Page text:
The receiver of MP7A1, along with integral pistol grip, is made from the polymer with steel reinforcements. Top side of the receiver hosts a Picatinny-type accessory rail for sight mountings. Standard sighting equipment is usually a set of low-profile open sights on quick-detachable mounts, plus a collimating (red-dot) sight Additional rails can be installed on either side of receiver, next to its front end.  The MP7A1 could be fired single-handedly, or using both hands, either like the pistol or using a front grip. Telescopic buttstock can be extended to give additional stability. With buttstock and front grip are collapsed, the MP7 can be carried like any big pistol in the special holster, and can be effectively used in close combat.

The 4.6x30mm ammunition is loaded with pointed all-steel bullets with brass jacket. Bullet weight is 1.6 gram (25 grains) and the muzzle velocity is 725 m/s (ca. 2400 fps). Manufacturer claims the 100% penetration of the CRISAT body armor (1.6mm of Titanium plus 20 layers of Kevlar) at the distance of 200 meters. Other types of ammunition, including tracer, frangible, spoon-tip (rapid-tumbling for use against unarmored human targets), blank and trill (inert) also available for MP7A1; ammunition is currently manufactured in UK by BAE Systems / Radway Green plant.

different type of ammo

MP-5A2 MP-5A3
Caliber 9x19mm Parabellum (also .40S&W and 10mm Auto)
Weight, empty 2.54 kg 2.88 kg
Length 680 mm 490 / 660 mm
Barrel length 225 mm
Rate of fire 800 rounds per minute
Magazines 15 and 30 rounds

HK MP-5A2 with fixed stock and plastic S-E-F trigger group.

The Heckler und Koch submachine gun, MP-5, is one of the most famous and wide-spread firearms of its class, developed since the Second World War. Its development began circa 1964 under the company designation HK MP-54, or simply HK 54. In the 1966, German police and Border Guard adopted the HK 54 as the MP-5, and it was originally available in two forms – MP-5 with fixed buttstock and MP-5A1 with retractable buttstock. Some years later HK slightly upgraded the design of MP-5, replacing the sights (from flip-up open notch rear and blade front to drum-type diopter rear and hooded post front) and the muzzle (replacing the two-slot muzzle compensator to the tree-lugs QD silencer mount without compensator). Other improvements made over the time concerned the magazines (early type magazines were of straight box type, latter – of curved box type for improved reliability). The trigger units also were upgraded – from original stamped steel with plastic grip to the all-plastic units, integral with grip, and with various fire modes and marking. Over the years MP-5 were adopted by the huge numbers of police, security and military forces around the world, including the German police and border guard, British police and elite Army SAS units, American police, FBI, Navy and Marine Corps, and many, many others. MP-5 is still manufactured in Germany by the HK itself, and also licensed to Greece, Iran, Pakistan and Mexico. The only real rival to the MP-5 in the terms of proliferation across the world is the famous Israeli UZI submachine gun. Most interestingly, the German Army (Bundeswehr) did not adopted the MP-5, most probably due to the economical reasons, and turned instead to the… UZI submachine guns, made under license in Belgium.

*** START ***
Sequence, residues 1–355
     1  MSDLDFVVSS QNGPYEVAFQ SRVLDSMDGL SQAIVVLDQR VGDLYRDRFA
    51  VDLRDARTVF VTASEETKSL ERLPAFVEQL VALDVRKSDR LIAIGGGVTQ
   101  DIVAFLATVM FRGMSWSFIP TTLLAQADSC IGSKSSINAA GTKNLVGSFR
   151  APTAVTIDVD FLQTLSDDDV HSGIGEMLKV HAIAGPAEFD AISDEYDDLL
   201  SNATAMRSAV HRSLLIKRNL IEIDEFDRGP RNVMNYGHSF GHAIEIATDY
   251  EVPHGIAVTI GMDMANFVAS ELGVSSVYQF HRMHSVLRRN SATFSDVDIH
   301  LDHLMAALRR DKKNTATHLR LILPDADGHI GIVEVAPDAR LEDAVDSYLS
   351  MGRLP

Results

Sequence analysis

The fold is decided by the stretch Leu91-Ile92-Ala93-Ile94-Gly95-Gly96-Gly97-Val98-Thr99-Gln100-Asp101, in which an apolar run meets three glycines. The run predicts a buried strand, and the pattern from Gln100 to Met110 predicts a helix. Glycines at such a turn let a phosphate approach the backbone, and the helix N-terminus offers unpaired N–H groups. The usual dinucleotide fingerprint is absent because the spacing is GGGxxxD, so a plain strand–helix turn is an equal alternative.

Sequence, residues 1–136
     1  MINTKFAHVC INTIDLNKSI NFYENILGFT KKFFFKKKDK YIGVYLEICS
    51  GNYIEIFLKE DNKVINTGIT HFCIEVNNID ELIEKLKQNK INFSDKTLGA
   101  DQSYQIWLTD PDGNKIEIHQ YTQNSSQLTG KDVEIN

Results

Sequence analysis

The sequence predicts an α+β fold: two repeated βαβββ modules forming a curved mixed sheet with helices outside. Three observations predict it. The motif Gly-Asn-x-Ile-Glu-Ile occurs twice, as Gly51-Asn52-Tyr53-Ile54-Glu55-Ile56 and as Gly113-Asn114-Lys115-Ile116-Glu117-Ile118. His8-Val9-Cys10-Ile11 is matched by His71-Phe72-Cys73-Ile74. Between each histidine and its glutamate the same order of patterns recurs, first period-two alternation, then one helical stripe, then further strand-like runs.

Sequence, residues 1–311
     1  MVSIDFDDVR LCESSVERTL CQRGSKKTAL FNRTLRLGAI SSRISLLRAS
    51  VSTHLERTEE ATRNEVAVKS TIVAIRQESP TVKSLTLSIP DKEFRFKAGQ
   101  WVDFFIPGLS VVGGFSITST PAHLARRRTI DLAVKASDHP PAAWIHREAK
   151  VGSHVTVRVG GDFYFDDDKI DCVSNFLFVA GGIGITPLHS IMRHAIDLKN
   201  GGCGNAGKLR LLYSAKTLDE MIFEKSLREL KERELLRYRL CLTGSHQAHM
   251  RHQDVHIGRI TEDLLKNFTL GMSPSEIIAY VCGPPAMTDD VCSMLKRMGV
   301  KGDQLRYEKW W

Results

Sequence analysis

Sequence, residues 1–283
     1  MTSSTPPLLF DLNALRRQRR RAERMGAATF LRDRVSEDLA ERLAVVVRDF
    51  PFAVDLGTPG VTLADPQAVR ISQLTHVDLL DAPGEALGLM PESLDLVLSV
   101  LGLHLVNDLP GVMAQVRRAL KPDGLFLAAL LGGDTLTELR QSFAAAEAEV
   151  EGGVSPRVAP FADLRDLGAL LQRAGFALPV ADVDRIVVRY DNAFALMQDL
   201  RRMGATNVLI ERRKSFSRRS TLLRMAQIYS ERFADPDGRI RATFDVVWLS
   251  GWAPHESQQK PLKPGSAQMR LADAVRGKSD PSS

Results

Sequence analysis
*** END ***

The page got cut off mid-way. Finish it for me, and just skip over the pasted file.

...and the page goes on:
The success of the MP-5 is outstanding. It is based on the high quality and reliability of the gun, great single-shot accuracy (thanks to its closed bolt action), great flexibility and, of cause, good marketing. It seems that no other modern SMG at this time can rival the MP-5 in popularity (UZI is not manufactured anymore).